George Orwell Use Of Control In 1984

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Control is often used and taken as a way to obtain something else: money, love, or revenge. But what if control was taken for the sole purpose of power and without anything else to cloud the motive? In George Orwell's 1984, the party subjects its citizens to extreme physical, psychological, and sexual control, in order to alter and take advantage of human nature, ultimately revealing how this level of control affects humans. As Winson is introduced as the protagonist, Orwell uses imagery to display his environment, as well to show the effects of the physical control used against him. The world around Winston had “no color in anything” and “looked cold” (Orwell 2). Furthermore, Winston is described by Orwell as having a “smallish and frail figure” …show more content…

Orwell first mentions the rats as foreshadowing for Winston's ultimate fate in an earlier chapter. A small remark said during an intimate moment between Winston and Julia: “I don’t like rats, that’s all” (Orwell 144). For the reader, this was confirmation that the party had always been listening, and that even those small moments together were not private. For Winston, this final use of psychological torture would be the end of any rebellion in him. By the end of the book, Winston had betrayed everyone including himself, but there was one person he refused to betray: Julia. With that the party knew exactly what needed to be done. Finally, as Winston's greatest fear was used against him he betrayed the one person he loved. “Do it to Julia! Do it to Julia! Not me!” he said, and with that he fully submitted to the party (Orwell …show more content…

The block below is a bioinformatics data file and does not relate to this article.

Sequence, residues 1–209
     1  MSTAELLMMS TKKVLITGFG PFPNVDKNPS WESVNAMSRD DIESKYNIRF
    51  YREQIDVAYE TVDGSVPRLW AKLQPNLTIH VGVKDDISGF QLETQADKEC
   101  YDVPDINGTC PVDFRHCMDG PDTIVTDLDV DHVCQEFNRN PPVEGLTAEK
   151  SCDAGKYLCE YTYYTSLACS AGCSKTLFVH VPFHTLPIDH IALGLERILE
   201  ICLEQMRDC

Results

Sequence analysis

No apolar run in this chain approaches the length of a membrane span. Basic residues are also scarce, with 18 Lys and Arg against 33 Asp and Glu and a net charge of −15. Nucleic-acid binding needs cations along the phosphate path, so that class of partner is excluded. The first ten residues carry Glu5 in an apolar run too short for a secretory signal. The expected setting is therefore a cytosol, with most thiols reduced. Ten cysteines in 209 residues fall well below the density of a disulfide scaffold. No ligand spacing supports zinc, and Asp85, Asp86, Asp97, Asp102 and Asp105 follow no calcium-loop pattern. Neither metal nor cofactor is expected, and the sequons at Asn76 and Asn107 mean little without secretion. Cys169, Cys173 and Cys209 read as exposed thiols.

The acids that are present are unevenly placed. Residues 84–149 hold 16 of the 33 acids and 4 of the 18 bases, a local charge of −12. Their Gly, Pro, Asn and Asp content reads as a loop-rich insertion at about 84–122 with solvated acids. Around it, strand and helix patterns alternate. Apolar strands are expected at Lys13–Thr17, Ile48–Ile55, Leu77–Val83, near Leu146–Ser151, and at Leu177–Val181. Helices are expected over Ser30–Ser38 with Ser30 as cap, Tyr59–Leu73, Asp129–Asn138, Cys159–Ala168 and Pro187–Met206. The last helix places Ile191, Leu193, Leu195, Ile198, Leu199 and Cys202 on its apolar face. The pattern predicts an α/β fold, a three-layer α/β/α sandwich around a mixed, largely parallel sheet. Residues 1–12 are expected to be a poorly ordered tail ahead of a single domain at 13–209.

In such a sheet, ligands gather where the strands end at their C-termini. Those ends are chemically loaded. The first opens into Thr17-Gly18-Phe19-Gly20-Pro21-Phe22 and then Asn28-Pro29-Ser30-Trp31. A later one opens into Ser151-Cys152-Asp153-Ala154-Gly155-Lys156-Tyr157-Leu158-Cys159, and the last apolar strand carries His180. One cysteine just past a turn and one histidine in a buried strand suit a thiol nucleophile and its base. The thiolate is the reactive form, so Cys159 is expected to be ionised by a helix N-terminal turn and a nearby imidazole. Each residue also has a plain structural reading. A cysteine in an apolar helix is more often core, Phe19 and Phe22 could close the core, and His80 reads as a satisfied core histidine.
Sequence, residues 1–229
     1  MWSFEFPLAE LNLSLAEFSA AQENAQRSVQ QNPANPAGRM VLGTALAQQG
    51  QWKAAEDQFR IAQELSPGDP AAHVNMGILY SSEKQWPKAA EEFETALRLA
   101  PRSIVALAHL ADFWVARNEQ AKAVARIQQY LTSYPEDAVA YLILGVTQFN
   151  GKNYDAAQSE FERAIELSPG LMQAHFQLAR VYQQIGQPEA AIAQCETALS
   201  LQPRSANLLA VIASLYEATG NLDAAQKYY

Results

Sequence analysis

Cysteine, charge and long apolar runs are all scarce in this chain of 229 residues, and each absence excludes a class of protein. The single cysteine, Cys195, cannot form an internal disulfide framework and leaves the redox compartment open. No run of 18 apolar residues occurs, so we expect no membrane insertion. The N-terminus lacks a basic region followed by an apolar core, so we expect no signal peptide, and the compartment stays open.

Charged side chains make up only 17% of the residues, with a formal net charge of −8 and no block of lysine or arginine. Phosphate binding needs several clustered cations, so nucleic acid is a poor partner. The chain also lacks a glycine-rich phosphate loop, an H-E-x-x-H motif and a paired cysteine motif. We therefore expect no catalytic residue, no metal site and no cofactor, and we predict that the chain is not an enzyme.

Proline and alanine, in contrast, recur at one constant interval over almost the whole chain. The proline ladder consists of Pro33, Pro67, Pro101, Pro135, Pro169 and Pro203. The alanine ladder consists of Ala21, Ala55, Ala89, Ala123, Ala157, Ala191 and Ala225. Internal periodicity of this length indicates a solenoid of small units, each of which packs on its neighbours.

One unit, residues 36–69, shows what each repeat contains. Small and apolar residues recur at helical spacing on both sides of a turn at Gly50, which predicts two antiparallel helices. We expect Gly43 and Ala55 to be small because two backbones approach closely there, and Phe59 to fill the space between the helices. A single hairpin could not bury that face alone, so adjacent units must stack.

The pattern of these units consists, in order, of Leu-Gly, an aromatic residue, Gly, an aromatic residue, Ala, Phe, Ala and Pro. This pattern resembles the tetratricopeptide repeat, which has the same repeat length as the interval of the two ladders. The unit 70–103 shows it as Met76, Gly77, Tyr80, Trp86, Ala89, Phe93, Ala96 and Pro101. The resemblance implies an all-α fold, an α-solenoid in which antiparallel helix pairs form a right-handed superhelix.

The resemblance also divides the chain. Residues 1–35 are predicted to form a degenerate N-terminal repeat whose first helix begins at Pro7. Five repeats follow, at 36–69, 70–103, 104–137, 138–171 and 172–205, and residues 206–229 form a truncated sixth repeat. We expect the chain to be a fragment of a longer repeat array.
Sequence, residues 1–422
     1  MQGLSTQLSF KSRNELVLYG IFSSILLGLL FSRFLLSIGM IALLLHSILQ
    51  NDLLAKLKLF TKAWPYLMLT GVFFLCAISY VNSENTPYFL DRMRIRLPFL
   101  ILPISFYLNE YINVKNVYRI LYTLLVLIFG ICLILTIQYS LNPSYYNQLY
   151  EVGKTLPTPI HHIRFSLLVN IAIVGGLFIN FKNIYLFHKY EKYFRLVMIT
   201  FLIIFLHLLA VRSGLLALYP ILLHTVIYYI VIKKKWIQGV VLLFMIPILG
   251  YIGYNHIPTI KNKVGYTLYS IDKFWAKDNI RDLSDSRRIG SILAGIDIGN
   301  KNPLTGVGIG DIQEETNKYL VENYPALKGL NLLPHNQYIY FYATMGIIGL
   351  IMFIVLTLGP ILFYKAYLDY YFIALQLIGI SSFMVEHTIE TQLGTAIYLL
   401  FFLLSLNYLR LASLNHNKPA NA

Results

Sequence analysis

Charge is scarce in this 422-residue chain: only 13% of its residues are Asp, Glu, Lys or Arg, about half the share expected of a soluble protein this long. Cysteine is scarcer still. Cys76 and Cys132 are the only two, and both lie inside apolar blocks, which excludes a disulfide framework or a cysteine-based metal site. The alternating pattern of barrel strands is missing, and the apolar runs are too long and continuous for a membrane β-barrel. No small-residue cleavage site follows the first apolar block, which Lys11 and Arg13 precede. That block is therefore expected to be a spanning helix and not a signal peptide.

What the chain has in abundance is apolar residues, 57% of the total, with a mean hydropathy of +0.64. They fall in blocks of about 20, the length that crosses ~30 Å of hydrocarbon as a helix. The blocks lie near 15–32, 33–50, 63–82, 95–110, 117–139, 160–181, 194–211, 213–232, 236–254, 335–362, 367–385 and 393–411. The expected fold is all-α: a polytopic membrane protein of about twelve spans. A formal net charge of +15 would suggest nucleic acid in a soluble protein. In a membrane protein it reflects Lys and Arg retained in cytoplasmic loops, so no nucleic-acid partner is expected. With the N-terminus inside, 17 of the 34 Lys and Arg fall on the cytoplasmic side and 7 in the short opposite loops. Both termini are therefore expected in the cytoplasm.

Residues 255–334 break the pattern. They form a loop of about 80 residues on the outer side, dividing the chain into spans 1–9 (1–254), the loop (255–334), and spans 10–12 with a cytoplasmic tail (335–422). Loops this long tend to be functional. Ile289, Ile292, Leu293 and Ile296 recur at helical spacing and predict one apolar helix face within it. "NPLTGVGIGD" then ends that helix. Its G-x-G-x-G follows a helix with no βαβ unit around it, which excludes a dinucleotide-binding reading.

The party had been watching Winston for seven years including the span of his relationship. So when Winston and Julia consummated their love (something the party strongly opposes), why did they not step in to stop it? The party essentially built Winston up in order to have something to knock down. In our society, sex with the intent of pleasure connects humans on a level much deeper than marriage. With this in mind, the party used this aspect of human nature to their advantage. In the beginning of the book, while Winston was rebelling with thoughtcrime, he wished for more and Julia gave this to him. Winston described their intimacy as a “political act” against the party, because Julia gave Winston hope for a better future and more rebellion (Orwell 126). Without that, Winston had nothing and in return the party had nothing over Winston. In the end, his relationship with Julia is what kept him going. Winston described Julia as being “inside him” and part of “the texture of his skin” (Orwell 280). The thought of her was the last thing he held onto and that's exactly why the party allowed him to fall for her. In order to have something to break him

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